Over 22 percent of Dallas County children live in poverty, and state and local
policies can do more to support the success of all kids

State of Texas Children report from the Center for Public Policy Priorities provides data and policy
solutions to state and local leaders

December 4, 2018

DALLAS — Large disparities in child poverty across race, ethnicity and gender persist in Dallas County due
to historical and current policies that create or maintain differences in opportunity and outcomes for
Dallas area children, according to a briefing on the State of Texas Children report by the Center for
Public Policy Priorities here today. As state and local leaders weigh policy priorities, they should keep
Dallas County’s 155,000 children (22.5 percent) living in poverty at the top of their minds. The report
lays out the challenges Dallas County children and families face and also some common-sense policy
solutions for state and local leaders to consider.

Read the full statewide report and policy recommendations here.

Today’s event featured brand new fact sheets with data and questions for elected officials about public
education achievement and funding, quality job benefits, health care accessibility, and immigrant
families.

“My hometown of Dallas is a vibrant community with strong leaders and tremendous opportunity,” said
Ann Beeson, CEO of the Center for Public Policy Priorities. “Unfortunately, too many Dallas area
children don’t have a fair chance to be healthy, well-educated, safe and financially secure. To build a
better future for all Dallas children requires all of us to work together to advance common-sense policy
solutions.”

“Children are Dallas County’s future, and we need to build off our successes in early childhood education
and support our leaders who are pushing for more educational opportunity,” said Cynthia Yung,
Executive Director of The Boone Family Foundation. “With one in three Dallas County children living in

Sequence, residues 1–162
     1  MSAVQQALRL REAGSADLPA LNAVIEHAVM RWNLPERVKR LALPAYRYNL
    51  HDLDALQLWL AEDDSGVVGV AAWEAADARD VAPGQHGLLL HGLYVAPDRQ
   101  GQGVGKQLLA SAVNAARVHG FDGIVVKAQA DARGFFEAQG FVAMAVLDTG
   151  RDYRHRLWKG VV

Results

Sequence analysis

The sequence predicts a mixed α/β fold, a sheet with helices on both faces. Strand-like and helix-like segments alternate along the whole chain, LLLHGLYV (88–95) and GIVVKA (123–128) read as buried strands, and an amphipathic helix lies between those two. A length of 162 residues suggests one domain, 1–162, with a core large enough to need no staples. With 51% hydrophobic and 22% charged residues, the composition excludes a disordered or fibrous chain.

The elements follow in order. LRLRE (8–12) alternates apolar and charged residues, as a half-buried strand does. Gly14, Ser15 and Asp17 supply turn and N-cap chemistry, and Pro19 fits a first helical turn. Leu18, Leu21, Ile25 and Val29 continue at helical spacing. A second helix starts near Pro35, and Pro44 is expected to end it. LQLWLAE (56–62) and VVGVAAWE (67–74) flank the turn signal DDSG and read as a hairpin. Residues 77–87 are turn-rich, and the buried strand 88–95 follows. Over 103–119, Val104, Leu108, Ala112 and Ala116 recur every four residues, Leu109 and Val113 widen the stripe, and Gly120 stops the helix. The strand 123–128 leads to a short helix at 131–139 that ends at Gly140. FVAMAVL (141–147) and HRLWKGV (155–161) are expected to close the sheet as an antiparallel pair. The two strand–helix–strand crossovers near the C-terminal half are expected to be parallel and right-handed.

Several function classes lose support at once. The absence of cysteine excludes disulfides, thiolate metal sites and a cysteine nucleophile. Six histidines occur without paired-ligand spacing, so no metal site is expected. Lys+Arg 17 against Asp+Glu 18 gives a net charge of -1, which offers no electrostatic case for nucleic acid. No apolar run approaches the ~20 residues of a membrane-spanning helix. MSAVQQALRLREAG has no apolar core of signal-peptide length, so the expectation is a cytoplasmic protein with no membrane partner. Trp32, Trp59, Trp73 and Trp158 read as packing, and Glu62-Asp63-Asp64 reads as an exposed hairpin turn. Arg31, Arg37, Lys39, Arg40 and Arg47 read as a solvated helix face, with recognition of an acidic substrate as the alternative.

single-mother homes, we cannot ignore the gender inequity that threatens Dallas women and their
families. We can do more to close the wage and health care gaps to better support women and their
families in our communities.”

Key Dallas-specific report findings include:

• The Need for Good Jobs
o Nearly 155,000 Dallas County kids live in poverty (22.5 percent).
o Female-headed single parent households are nearly twice as likely to live below the
poverty line ($16,895 for a single-parent family of two) compared to male-headed single
parent households.
o The median income for a woman in Dallas County is $2,000 less than the median income
for a man.
o 41 percent of Dallas workers lack access to paid sick leave.

• Health Care Access:
o Around 104,000 Dallas County children (ages 0-18) are uninsured (14 percent).
o Hispanic children are about twice as likely to lack health insurance in Dallas County as
their non-Hispanic peers (19 percent vs. nine percent for White, 10 percent for Black,
and seven percent for Asian).
o 28 percent of Dallas County parents are uninsured.
o Nearly half of Dallas County women of childbearing age are uninsured (47 percent of
women ages 15-44).

• Public Education:
o 70 percent of the students who dropped out of school in 2017 in Dallas County were
economically disadvantaged.
o Only 84 percent of Dallas County students in the class of 2017 graduated on time.
o Dallas County’s Hispanic (84 percent), Black (81 percent), and Multiracial (81 percent)
students face greater barriers to graduating from high school on time than their White
(87 percent) and Asian (94 percent) peers.
o Black (21 percent) and Hispanic (33 percent) third graders are much less likely to be
proficient in math than their Asian (72 percent) and White (59 percent) peers.

• Children in Immigrant Families:
o One in four Dallas County children (146,000 kids) live with at least one parent who is not
a U.S. citizen (including legally authorized residents).
o Families with at least one immigrant parent are more likely to live in poverty than
families with no immigrant parents in Dallas County (26 percent vs. 19 percent).
o 50,000 youth who a